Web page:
The above story was purely hypothetical.  In the story, would you consider me a loving father?  Absolutely not!  I do have children and I would do anything within my power to prevent their suffering.  Nobody would have to ask!  I just do not understand Christians’ thinking when asking somebody to pray for a child who has a terminal illness.  According to their theology, he knows (or could create) a cure for all possible diseases.  He has the power to do it.  He is supposed to love this child beyond all human love.  Yet, God lets children die of terminal illnesses every day.  It is terrible when children die of diseases that have no known cure, but even worse are the thousands of children who die of preventable diseases!  So, God allowing such suffering without intervening or only intervening if enough people beg, creates real problems with the idea of god being all loving.

I want to continue this, but this post has run long enough already.  Look for part 2 in the near future!

To the Doubters

I was a fundamentalist Christian for most of my life.  During most of that time I never questioned what I was taught.  You see, I am not a confrontational person by nature.  I did not want to be considered rebellious.  The pastor and Sunday school teacher were older than I was and they believed.  Surely they knew more than I.  I surrendered to preach.  I wanted to be like these spiritual people.  I wanted to share my faith.  I had the truth.  Everyone needed to hear the gospel message.

I attended church faithfully.  I read my Bible often.  I listened to preaching tapes everyday.  I prayed and had a walk with God.  I read Christian books and surrounded myself with people who helped support that belief.  I witnessed to the lost.  I was fully committed.

Yet, as I got older and met people who believed differently than I, questions arose in my mind. (I intend to write about my deconversion in detail later.)  Questions I thought I knew the answers to.  Soon people pointed out the flaws in my answers.  Maybe things were not as I suspected.  I tried to push the questions out of my mind.  They never went away.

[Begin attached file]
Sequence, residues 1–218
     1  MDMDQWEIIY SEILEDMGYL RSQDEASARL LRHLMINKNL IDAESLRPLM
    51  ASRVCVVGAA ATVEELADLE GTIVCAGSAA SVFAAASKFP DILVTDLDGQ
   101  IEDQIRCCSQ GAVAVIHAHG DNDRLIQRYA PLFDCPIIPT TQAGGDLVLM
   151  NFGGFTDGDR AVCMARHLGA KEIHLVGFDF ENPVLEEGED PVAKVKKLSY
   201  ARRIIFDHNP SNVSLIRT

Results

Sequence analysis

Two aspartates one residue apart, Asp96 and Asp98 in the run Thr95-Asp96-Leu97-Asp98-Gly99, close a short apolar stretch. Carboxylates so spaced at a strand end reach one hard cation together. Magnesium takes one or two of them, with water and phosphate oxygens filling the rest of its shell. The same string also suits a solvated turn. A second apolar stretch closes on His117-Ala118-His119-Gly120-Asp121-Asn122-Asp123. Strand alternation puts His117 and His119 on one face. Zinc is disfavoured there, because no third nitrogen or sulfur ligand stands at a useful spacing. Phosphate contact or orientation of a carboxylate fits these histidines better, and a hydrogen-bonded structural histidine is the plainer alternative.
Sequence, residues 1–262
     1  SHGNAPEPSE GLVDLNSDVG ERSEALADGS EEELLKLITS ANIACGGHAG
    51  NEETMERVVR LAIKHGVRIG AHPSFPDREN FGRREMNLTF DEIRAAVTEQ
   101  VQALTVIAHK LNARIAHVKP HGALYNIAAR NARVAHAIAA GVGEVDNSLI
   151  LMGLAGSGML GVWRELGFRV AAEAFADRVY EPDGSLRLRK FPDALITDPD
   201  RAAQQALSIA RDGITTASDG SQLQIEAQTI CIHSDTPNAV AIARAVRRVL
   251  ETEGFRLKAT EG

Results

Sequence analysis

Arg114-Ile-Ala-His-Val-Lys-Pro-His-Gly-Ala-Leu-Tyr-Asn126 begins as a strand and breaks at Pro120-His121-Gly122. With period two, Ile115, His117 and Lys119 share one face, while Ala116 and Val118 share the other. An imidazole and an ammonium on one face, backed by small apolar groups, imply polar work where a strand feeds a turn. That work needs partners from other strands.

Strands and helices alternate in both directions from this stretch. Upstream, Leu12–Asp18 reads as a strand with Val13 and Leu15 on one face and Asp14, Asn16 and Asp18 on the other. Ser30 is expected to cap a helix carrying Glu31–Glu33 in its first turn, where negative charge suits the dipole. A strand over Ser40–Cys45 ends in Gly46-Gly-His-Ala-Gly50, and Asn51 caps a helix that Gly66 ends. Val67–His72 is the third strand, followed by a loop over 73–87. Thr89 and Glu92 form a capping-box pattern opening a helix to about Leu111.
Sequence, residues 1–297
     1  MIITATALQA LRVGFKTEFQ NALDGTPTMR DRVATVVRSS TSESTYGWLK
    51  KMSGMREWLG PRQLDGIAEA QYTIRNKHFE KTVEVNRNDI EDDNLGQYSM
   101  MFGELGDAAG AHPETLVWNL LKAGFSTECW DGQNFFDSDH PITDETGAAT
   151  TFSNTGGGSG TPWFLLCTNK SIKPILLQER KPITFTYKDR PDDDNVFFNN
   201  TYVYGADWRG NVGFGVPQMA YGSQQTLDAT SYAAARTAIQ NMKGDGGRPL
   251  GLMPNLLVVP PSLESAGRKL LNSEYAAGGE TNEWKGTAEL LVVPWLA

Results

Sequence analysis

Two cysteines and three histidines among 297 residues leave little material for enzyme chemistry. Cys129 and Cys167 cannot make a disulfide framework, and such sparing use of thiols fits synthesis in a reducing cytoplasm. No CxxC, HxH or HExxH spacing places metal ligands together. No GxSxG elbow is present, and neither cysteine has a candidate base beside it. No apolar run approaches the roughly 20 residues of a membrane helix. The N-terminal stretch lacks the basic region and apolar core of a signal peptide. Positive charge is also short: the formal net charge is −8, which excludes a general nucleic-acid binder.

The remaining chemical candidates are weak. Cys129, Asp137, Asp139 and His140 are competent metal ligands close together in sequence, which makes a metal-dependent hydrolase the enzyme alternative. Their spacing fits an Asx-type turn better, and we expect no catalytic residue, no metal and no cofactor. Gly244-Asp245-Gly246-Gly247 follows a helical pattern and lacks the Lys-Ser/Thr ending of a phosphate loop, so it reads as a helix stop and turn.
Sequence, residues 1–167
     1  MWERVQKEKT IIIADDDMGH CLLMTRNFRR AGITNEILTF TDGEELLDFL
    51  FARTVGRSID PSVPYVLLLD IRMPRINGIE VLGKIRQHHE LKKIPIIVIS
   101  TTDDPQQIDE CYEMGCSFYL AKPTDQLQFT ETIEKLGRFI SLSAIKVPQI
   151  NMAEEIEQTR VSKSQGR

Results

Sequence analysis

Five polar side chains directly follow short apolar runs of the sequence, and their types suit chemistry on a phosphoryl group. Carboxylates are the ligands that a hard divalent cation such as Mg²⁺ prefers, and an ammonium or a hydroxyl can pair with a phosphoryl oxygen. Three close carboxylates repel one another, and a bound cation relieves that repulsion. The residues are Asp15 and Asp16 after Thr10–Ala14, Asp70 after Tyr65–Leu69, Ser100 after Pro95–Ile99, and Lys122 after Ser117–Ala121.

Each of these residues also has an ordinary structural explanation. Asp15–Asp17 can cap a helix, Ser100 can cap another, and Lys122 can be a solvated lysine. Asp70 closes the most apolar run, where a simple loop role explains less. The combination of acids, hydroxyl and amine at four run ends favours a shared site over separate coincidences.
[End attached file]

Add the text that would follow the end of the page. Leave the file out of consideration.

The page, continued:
I did not feel I could express these questions to the religious around me.  I already knew the answers they would give.  I wanted an outside opinion.  So, I did what all people do nowadays with questions…I turned to Google!  Before I knew it, I found I was not alone. There were others out there that had the same questions I did.

My journey went from belief to questions to doubt and ultimately to disbelief. This post is for those who find themselves at the questions/doubt stage. You are not alone! I have sat where you sit. I have asked the same questions you ask.

For the last year or so of my deconversion, I still attended church regularly wearing a suit and tie with a smile on my face and a Bible in my hand. I sang along with the congregational songs. I shouted “Amen.” during the sermon. Yet, I didn’t believe any of it. I was an impostor. I was not intentionally being deceitful. I was trying to “fake it until I make it.”

I will not tell you what to believe or how your journey should go. I do want to provide some resources to help you along the way.

Robert Ingersoll

Skeptics Annotated Bible

Bart Ehrman